88k workstations and X terminals - Omron, NCD, Tektronix

Here’s Maki Kato’s setup from last year’s VCF-E in New Jersey:

I had an Omron Luna 88k running OpenBSD 7.2 and a MVME-187C running Sys/V 88k. A laptop running OpenBSD-luna on an emulator called nono and a NCD-88k xTerm that didn’t boot.

Subsequent adventures as seen on their blog:

Following links we find a page on OMRON’s LUNA 88k workstation - archived version is better because we can follow links to old news articles.

  • OMRON in Uncle Miod’s machineroom

1989 press release:

Omron Tateishi Electronics is pitching its new Luna-88K Motorola 88000 RISC-based workstations, due to be available in March, at the university market, and has priced them at the same level as less powerful machines from competitors: the Luna-88K comes with up to four 88000 RISC processors and runs under Carnegie Mellon University’s Mach variant of Unix: the station comes with 16Mb main memory, 250Mb disk and a black and white display, and prices start at a daunting $20,550; 88000-based systems are already in the market from Nippon Data General and Sony Tektronix.

From 1990:

The Luna/88K uses four 33MHz 88000 RISC processors, is rated at 100 MIPS and will cost around $50,000. Again it runs the Mach operating system, comes with X Window System, Motif, TCP/IP and Network File System, and will be out at the end of the year.

More pics of the Luna 88k linked here.

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At 50K a pop, I can see why we got LINUX rather than Mach
and before all the good people moved to the dark side, microsoft,

I guess, the 50K were more for 100 MIPS, a workstation-grade display system, probably some system throughput, and quite a huge software library, rather than specifically for Mach (which, BTW, was also found in free-of-cost Linux compatible GNU systems, like MkLinux – the name of which really doesn’t make much sense, since “Linux” is really the kernel, which was replaced by Mach.)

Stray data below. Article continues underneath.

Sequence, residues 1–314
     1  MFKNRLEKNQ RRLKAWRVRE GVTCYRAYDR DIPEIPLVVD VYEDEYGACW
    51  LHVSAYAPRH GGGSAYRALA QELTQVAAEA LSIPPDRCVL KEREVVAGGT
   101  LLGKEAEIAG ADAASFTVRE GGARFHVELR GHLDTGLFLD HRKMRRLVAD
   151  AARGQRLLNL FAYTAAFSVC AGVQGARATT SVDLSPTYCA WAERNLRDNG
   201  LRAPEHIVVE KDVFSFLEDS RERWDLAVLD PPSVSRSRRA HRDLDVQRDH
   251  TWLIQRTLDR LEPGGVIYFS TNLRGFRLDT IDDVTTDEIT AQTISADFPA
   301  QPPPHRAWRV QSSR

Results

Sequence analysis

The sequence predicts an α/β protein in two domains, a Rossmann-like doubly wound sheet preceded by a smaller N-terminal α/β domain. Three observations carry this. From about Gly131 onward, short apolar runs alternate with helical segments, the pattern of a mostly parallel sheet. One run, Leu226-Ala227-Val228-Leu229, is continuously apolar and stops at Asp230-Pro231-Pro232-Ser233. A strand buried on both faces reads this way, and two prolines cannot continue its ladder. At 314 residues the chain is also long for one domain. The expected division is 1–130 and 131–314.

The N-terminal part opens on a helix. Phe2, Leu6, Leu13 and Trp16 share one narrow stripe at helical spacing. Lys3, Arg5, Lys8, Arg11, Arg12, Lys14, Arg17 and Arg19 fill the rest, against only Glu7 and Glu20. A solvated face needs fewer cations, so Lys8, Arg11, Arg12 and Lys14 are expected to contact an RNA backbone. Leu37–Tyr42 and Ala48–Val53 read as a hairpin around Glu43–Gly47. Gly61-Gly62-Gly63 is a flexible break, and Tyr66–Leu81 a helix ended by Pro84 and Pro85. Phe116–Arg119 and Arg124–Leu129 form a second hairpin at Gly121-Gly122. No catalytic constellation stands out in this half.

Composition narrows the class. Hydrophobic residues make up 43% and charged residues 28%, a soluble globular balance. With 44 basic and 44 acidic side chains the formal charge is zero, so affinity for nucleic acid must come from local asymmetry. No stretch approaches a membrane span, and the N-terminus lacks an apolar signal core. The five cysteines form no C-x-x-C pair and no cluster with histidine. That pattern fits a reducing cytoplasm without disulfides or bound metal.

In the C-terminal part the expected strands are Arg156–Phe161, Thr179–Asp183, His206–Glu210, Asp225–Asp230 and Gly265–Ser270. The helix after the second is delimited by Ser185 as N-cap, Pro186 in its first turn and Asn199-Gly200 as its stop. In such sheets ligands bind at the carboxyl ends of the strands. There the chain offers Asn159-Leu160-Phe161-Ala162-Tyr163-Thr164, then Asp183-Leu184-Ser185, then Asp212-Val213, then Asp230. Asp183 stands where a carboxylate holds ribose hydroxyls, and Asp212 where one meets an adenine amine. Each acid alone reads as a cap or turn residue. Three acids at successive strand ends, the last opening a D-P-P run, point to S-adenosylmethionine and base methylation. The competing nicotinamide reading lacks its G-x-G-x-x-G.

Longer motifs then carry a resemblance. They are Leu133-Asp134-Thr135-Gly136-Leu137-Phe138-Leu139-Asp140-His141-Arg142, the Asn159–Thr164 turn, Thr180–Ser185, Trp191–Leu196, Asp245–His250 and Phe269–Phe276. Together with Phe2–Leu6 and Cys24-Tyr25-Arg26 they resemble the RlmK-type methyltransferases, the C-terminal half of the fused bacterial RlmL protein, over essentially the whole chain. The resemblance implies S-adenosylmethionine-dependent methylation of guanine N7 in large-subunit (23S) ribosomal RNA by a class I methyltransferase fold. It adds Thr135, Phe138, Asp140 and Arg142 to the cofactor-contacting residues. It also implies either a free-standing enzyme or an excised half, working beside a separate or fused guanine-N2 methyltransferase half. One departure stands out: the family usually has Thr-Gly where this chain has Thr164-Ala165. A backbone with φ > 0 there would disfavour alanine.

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Sort of – it’s every bit as much Linux as macOS is BSD or Unix. Mach handles virtual memory, some devices, and IPC, but the Linux kernel then runs as a service under Mach and all of userspace interacts with the outside world via Linux. In some ways it’s akin to Xen or other hypervisor services, although the isolation is lesser. The kernel service (Linux or BSD or whatever) must be aware that it is running under Mach, and must provide significant functionality itself.

100 MIPS seems like a lot in 1990!


I wasn’t aware of this.
(MkLinux was the very first *NIX system, I was playing around with, and I never got it running fully, probably, because I didn’t really know what I was doing… I rather thought, it was more of a Linux like interface… Well, this probably explains a lot, both regarding my above remark and my experiences… :slight_smile: )

100 MIPS
That was real MIPS back then.
Gates’s law (“The speed of software halves every 18 months”)